Blog series: Daniel Alpízar | The real cost of the battle against Covid-19: The case of Costa Rica and implications for food security
Written by Daniel Alpízar
The small nation of Costa Rica has been mentioned by the international media as a successful case in the battle against Covid-19. In the middle of the pandemic torment in Latin-American countries – now mentioned as the next epicenter of the pandemic – this country has managed to maintain the contagion rate very low in comparison with other countries worldwide. With less than 1300 Covid-19 cases by the beginning of June and only 10 deaths, Costa Rica has the lowest mortality rate in Latin America. What was a formula for success?
A rapid response was key to containing the spread of the virus. With only 10 cases of Covid-19 on the 8th of March, the Government took actions such as mobility restriction, closure of schools, and international borders. Even though a strict quarantine was never imposed until today, social distancing was effective. However, most Latin-American countries taking similar actions found themselves in a catastrophic situation. The real components of the formula to fight the novel virus are dated to the foundation of the Second Republic in 1948.
Since the abolishment of the army in 1948, more public funds have been invested in education and health. Costa Rica allocates 8% of GDP for universal health care: every human being has access to state health care services, they cover 95% of the population. This robust system is key to making Costa Rica resilient to the 2020 pandemic. Access to water as a fundamental human right and a key factor to stop spreading the virus through sanitation played a crucial role as well. 98% of Costa Ricans have access to water, which is high compared to neighboring nations in Central America where only 27% have access to water in rural areas and 72% in urban areas.
Another decisive factor for Costa Rica to become successful in curbing the infection rate was the effectiveness of social distancing measures. According to BBC World News based on a google report, visits to shops and restaurants have been decreased by 86% and to beaches by 82% since the start of the pandemic. Without serious legal consequences in place for those who violate social distancing, the population showed discipline in following the governmental instructions.
In spite of the so far successful management of Covid-19 in terms of human health, the closure of the borders and travel restrictions from other countries to Costa Rica make the economy tremble. The borders will remain closed until the 15th of June and CANATUR (National Chamber of Tourism) estimates a loss of $2 billion in GDP. Tourism has the biggest share in Costa Rica’s GDP, it is an economic sector that employs most people in rural areas after agriculture. The reduction in employment in the tourism sector and all the productive chains involved will potentially increase poverty incidence from 21.1% to 29%, and will therefore limit the accessibility of food for poor households due to the decrease in household income.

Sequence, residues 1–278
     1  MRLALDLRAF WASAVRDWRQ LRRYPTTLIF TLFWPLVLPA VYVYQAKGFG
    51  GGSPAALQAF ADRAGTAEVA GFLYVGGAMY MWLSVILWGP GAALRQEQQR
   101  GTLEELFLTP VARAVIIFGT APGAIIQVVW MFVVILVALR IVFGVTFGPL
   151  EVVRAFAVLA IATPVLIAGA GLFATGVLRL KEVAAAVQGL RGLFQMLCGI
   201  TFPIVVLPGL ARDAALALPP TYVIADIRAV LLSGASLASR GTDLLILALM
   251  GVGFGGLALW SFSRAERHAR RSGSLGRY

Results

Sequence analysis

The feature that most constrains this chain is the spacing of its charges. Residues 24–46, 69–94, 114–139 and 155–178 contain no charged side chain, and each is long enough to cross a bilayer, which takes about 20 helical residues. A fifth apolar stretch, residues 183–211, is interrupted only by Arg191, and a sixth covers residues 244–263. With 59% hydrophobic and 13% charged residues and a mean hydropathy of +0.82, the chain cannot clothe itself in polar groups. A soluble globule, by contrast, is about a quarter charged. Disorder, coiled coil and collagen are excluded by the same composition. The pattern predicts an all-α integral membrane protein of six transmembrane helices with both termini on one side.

The availability of food in Costa Rica will also be affected by other external factors. The contraction of global aggregate demand and disruption in the global production and supply chains is expected to decrease the global supply of goods and jeopardize the food security of middle-income countries in a globalized world. In Costa Rica, 57% of the rice and 98% of corn was imported in 2018. The falling commodity prices and trade restrictions Costa Rica has with neighboring countries will have a negative effect on food stability. The financial markets and the increase in external financing will negatively impact Costa Rica’s economy, marked by some experts and the International Monetary Fund as an “Unprecedented economic crisis“. These economic shocks will more severely affect the most vulnerable population given the increase in social inequality in Costa Rica, which holds one of the highest inequality indexes in Latin America. During an economic crisis, inequality puts pressure on food resources to be more accessible and available to higher-income households.
The real cost of the fight against Covid-19 will be more visible in the mid- and long-term. Even though Costa Rica seems to be tackling the virus contagion rate successfully, the battle continues and this rate can increase any moment. The country is walking on thin ice given the exposure to illegal migrants from Nicaragua, who seek health attendance in Costa Rica because of the precarious situation in their own country. Moreover, released social distance measures tend to increase the number of Covid-19 cases in Costa Rica. It will be a long walk to win the war against Covid-19 but the victims are somehow inevitable with poor people suffering the most.